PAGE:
Back in March 2014, I had the opportunity to be part of a World Bank team supporting the Tongan government to develop a reconstruction policy after Tropical Cyclone Ian hit earlier this year. To implement the policy, the Ministry of Infrastructure led a series of surveys to inform housing reconstruction. This post, which does not intend to be scientific or exhaustive, is to share some of the key lessons I learned from this experience.
Damage assessments are routine in the aftermath of disasters, but they differ depending on their objectives (Hallegatte, 2012 - pdf). A rapid survey in the wake of a disaster event could help to estimate grossly the direct human and economic losses and damages. This type of survey is best to capture the amplitude and the severity of the disaster. However, such survey could present some flaws, often because the survey will be conducted in a very short time frame with minimal design. On the other hand, a survey conducted a few months after the event is best to understand better the context of the disaster. It also allows a better design and better preparation. But, equally, such survey could include biases. For instance, the time lag between the event and the survey itself could create some level of challenges. Most likely, people would have started to fix their houses or have moved away from the affected area, and that will add a layer of complexity to the survey.
Housing damage assessment for reconstruction
The first thing was to develop Terms of Reference (ToR) for the assessment. The ToR included the objectives of the assessment, the means to conduct it, the methodologies to be used, the expected results and the timeline. In Ha’apai, we mixed traditional and modern survey instruments for the housing damage assessment. The Ministry of Infrastructure hired engineers to conduct the structural assessment of houses and to report whether a house was repairable or not, habitable or not. For a practical reason, this damage level survey was done using paper forms. Working in a pair with the engineers, SOPAC, a regional science research organization in the Pacific, led the building assessment. Based on experience, the SOPAC team used Trimble—a handheld device with integrated GPS—which allowed faster and more efficient data collection. The team prepared in advance a survey questionnaire and entered the form into the Trimble with existing spatial building points collected by previous projects (including PCRAFI). Each building point was given a unique identifier (ID) using Geographic Information System (GIS). This ID will be the link between the paper forms and the data collected with the device. The SOPAC team captured general information that describes houses—such as the roof and wall types. Such data would inform the houses’ structural vulnerability when combined with the damage level data from the engineers.
Household survey for reconstruction
A household survey was conducted in parallel with the damage assessment. A partnership between the Department of Statistics and the Tongan Ministry of Education allowed the involvement of teachers from Ha’apai as enumerators. The objective of the survey was then to identify the socio-economic vulnerability of households in the affected area. Some households had their houses totally destroyed by the cyclone; some had only partial damage, and some households were not affected at all. The decision to conduct the household survey was based on the year of the last census. The last census for Tonga was conducted in 2011, and it was decided that such information needed an update given the dynamic of households on the islands (the affected island was losing population by emigration to Tongatapu, the most populated island, or abroad); and also because, ultimately, the team was interested in working toward increasing household resiliency and not just reconstructing buildings. Nevertheless, the existing census was used as a baseline to generate a pre-list of households that the enumerators updated in the field during the survey. In addition to the usual demographic survey, households were asked about the impacts of Tropical Cyclone Ian on their assets as well as their self-recovery efforts.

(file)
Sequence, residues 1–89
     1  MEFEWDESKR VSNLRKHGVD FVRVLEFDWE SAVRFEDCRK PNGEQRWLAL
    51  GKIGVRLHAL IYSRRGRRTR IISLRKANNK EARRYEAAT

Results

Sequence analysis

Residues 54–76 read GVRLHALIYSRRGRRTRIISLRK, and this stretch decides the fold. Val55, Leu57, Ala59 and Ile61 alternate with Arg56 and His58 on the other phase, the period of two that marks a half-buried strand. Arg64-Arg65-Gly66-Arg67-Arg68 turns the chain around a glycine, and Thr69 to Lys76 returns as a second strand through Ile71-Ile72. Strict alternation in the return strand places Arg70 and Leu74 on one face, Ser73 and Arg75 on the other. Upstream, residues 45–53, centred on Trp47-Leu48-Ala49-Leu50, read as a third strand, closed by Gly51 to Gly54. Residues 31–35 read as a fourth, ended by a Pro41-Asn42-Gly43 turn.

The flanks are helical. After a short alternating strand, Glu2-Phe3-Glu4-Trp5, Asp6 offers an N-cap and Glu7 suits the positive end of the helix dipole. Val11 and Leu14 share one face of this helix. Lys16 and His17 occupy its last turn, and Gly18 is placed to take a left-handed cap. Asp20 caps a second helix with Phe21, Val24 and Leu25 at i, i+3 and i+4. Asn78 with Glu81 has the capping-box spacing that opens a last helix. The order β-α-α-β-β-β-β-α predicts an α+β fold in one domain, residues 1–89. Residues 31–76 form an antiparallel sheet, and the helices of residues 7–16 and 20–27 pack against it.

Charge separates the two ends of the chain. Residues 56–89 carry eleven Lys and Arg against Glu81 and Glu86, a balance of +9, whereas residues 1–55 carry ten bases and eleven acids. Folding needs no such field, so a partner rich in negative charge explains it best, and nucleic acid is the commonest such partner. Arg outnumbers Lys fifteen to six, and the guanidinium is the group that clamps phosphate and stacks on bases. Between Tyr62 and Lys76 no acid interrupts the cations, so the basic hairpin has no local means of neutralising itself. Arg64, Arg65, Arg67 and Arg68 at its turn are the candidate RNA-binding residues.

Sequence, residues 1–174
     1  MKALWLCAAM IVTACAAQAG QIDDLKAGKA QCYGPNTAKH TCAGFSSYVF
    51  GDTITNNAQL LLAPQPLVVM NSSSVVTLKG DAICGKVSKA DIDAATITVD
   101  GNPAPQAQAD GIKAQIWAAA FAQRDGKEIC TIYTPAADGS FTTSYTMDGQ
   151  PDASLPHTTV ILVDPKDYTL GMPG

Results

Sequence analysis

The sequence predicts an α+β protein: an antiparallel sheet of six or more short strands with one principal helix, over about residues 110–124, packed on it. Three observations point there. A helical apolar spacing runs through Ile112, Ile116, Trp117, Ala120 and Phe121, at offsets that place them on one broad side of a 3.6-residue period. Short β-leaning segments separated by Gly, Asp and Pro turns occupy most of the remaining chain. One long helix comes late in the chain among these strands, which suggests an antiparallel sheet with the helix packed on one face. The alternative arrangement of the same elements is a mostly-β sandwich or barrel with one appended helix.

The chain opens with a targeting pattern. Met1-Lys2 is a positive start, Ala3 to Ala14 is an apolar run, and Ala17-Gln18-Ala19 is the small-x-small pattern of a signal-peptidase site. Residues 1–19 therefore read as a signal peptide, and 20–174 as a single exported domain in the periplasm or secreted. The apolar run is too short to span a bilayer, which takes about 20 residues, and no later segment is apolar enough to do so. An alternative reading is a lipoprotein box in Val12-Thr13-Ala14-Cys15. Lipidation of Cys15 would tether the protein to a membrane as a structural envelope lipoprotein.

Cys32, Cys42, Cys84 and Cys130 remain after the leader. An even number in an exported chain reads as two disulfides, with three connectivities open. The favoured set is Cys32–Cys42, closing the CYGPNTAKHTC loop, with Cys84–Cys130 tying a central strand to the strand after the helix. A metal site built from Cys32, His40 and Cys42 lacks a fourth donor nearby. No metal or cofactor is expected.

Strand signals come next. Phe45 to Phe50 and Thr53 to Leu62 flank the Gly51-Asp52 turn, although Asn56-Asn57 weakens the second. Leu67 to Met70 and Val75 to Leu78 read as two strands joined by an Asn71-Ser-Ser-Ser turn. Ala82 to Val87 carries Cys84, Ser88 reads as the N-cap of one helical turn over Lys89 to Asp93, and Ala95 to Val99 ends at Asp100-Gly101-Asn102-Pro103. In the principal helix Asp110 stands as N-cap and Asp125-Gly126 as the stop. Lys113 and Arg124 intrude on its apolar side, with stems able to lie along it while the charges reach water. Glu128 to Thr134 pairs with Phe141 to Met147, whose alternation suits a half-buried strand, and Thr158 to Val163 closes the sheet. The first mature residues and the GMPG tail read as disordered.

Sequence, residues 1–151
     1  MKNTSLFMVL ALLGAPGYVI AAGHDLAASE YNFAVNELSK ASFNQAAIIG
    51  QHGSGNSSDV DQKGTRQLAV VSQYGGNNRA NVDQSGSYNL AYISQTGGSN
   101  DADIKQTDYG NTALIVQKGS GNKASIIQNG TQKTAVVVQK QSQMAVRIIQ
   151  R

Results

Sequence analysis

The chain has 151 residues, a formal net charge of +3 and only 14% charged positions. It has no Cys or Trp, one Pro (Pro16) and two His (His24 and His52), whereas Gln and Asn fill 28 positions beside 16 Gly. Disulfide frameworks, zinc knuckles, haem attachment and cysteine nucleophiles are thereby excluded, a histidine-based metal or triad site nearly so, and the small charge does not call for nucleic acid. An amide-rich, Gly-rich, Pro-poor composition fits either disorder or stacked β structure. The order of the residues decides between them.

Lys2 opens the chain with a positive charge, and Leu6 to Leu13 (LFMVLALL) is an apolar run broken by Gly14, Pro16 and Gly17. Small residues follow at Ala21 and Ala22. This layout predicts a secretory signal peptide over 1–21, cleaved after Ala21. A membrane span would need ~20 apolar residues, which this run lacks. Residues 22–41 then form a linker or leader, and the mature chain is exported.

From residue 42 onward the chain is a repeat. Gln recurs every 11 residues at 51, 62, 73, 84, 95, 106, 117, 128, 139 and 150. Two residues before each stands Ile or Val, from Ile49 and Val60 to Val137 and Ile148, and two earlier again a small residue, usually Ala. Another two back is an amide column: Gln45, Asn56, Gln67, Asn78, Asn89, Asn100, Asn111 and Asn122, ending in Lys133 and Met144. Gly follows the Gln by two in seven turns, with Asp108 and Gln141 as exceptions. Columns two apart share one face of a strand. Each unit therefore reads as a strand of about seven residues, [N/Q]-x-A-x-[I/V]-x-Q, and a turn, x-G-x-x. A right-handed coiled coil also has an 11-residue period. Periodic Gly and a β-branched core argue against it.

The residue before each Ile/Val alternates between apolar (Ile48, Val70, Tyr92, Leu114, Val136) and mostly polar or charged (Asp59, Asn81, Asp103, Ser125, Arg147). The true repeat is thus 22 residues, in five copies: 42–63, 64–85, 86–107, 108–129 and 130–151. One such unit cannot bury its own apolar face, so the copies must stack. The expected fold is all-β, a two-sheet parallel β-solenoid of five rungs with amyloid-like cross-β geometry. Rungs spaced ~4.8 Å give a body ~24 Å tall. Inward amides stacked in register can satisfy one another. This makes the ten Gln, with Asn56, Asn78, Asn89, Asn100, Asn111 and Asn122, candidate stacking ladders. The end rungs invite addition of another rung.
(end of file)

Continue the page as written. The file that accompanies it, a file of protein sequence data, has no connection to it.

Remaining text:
Like any data collection, data quality control is the key in whatever type of survey instruments used. Such mechanism needs to be set up at the design level. One of the main challenges for the Tonga damage housing assessment was to link the three data sets from the building survey, the structural damage assessment and the household survey. Therefore, it is important to define in advance a reliable link between data sets and to set up redundant identification between the surveys. For Tonga, we used the “Building ID” and the “Name of Head of Household," but beware of names because “texts” are always tricky when it comes to statistical analysis. It is more advisable to use numerical IDs, which are easier to manipulate. The use of GPS-integrated devices also helped to directly geo-locate the surveyed houses and link them to the matching households. In the future, I would encourage exploring more the use of smart devices and new technology for damage and loss assessment surveys. I believe this type of data collection could save time and reduce systematic errors in surveys.
What is your experience in conducting surveys? I would be very interested in hearing your perspective on the topic.